I do find that [N.J.R.E.] 703 does not require the admission of that information, does not provide a basis for the introduction for that information, and under [N.J.R.E.] 403 I find and I believe that the probative value of that information is substantially outweighed by the risk of undue prejudice to the defendant[,] confusion of issues and the misleading of the jury as to whether or not that is, indeed, a fact.
Again, the plaintiff has testified that she was properly wearing her seat belt. I think the plaintiff's expert just testified from his . . . analysis of the seat belt assembly that he believes that she was properly wearing her seat belt. So there's [an]other basis for the plaintiff . . . to be able to prove this issue without relying upon inadmissible hearsay.
So I'm going to sustain the objection and direct that . . . you not inquire any further as to the contents of these reports. And I'll order that Mr. Phillips not make any mention of the . . . MICU report or the police report or the proposition that those reports stated that she was properly wearing her seat belt or that she was wearing her seat belt.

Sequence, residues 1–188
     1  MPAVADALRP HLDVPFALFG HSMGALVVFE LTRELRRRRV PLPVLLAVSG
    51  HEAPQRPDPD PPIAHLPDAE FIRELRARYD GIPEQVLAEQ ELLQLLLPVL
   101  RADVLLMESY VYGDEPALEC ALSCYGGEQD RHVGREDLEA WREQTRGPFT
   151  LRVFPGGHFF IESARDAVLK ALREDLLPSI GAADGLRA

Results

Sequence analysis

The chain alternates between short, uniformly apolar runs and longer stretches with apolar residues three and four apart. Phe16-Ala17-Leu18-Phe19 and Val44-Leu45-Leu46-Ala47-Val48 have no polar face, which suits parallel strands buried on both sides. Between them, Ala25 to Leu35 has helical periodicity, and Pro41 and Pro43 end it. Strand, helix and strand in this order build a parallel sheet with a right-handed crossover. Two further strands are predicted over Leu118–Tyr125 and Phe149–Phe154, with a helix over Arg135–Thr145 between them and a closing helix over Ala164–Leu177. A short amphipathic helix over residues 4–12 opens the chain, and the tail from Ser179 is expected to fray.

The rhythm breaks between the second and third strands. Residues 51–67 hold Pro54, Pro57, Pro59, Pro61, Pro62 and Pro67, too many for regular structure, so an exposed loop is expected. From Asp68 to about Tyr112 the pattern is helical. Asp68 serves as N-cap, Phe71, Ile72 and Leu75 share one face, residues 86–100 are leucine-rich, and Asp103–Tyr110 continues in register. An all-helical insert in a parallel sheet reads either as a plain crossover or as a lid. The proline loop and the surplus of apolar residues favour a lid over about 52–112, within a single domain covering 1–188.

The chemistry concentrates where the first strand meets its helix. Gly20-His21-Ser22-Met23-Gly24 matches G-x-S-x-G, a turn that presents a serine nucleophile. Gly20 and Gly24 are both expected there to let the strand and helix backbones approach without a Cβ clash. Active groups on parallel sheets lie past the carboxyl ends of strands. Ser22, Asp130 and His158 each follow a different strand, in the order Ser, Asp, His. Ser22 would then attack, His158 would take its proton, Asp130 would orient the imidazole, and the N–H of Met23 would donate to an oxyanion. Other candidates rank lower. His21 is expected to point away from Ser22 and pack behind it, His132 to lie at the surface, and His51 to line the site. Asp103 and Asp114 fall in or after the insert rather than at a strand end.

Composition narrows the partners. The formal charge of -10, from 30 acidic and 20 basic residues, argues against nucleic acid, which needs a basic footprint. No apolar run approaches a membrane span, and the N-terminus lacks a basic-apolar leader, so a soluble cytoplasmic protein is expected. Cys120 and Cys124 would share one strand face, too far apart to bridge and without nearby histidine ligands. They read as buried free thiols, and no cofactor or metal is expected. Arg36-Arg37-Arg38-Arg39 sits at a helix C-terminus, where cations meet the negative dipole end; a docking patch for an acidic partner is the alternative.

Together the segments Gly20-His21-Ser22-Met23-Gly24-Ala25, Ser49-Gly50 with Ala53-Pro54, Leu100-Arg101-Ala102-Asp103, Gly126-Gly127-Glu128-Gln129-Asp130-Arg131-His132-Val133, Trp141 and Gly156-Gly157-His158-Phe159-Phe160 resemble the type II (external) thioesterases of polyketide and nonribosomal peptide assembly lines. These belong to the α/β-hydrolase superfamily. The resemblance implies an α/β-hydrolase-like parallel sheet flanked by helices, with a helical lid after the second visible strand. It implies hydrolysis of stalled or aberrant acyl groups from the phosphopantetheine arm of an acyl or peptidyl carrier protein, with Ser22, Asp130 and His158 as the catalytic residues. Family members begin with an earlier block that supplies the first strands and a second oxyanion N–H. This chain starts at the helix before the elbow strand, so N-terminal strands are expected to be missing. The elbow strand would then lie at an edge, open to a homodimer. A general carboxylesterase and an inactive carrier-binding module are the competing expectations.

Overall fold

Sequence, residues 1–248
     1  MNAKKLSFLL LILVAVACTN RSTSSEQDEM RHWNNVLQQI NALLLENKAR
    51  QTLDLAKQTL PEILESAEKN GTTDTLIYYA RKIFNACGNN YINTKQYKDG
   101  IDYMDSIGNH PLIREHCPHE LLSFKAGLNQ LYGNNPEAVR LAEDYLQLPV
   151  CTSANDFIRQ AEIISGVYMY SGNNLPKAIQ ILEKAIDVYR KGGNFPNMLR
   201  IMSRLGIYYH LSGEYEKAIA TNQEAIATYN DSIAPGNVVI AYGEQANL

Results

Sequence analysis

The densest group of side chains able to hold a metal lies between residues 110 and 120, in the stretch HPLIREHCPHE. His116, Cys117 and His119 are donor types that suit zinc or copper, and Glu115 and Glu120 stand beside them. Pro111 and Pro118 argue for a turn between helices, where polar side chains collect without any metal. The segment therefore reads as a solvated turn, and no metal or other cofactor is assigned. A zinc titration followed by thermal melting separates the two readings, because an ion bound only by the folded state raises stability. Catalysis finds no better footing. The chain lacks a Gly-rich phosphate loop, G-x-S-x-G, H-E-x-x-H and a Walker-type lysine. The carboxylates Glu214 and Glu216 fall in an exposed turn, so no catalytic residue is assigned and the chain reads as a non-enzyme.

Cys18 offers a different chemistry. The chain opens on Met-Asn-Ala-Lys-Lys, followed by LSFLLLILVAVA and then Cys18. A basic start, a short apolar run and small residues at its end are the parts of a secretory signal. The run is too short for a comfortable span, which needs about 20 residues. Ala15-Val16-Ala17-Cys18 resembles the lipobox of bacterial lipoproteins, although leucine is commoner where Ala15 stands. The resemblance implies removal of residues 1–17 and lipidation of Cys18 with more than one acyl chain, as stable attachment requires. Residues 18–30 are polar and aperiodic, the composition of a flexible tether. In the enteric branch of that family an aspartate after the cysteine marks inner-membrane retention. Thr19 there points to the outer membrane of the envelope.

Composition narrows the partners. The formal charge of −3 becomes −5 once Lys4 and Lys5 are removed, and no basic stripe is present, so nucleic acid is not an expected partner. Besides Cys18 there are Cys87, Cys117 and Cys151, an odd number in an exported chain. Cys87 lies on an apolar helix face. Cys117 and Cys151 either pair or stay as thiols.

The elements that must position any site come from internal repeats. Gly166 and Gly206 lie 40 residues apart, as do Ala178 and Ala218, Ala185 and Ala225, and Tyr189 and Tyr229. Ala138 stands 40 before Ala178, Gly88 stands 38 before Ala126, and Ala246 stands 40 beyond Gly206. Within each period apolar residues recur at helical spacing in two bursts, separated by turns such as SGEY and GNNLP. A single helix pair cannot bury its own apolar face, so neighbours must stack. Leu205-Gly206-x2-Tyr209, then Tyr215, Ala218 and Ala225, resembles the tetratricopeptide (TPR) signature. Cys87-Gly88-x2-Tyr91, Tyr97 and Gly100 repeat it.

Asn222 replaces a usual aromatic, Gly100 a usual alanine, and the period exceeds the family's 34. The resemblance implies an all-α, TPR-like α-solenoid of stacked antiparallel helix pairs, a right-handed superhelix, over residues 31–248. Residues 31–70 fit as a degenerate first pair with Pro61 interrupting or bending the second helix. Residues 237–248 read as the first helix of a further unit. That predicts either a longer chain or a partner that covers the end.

Phillips then testified that based upon his observation of plaintiff's vehicle, "the impact [of the collision] was offset to the right side of the rear of the vehicle and it was not a full overlap or straight on rear hit." He opined that upon impact, plaintiff comes off the center, the seat twists, it loads up, she slips and comes out of position, arches backwards so her back flexes or bends and . . . as she comes forward during the second impact, the seatbelt is no longer up on her shoulder, but it comes down because she's off the center like this.
And when she comes forward, she's leading with the left side of her head and her forehead hits the top of the steering wheel and cuts her above the left eye.
[B]ecause of the asymmetric bending of the seat that allowed [plaintiff] to ramp up and over the seat back that the inboard bar of the seat frame came in line with her T-7 vertebrae, which caused it to be loaded from behind, pushed, starting -- at least in my opinion, could start to fracture, and then there was a forward rebound, forward with the shoulder belt now being out of position, but she still had some benefit of the belt, that's why only her forehead above her eye hit the steering wheel and not anything else.
Phillips further opined that an alternative seat/seatbelt construction known as an "All Belts to the Seat" (ABTS) design was superior to the apparatus in plaintiff's 1999 Ford Explorer; had an ABTS seat been installed, plaintiff's injuries would not have been so severe. ...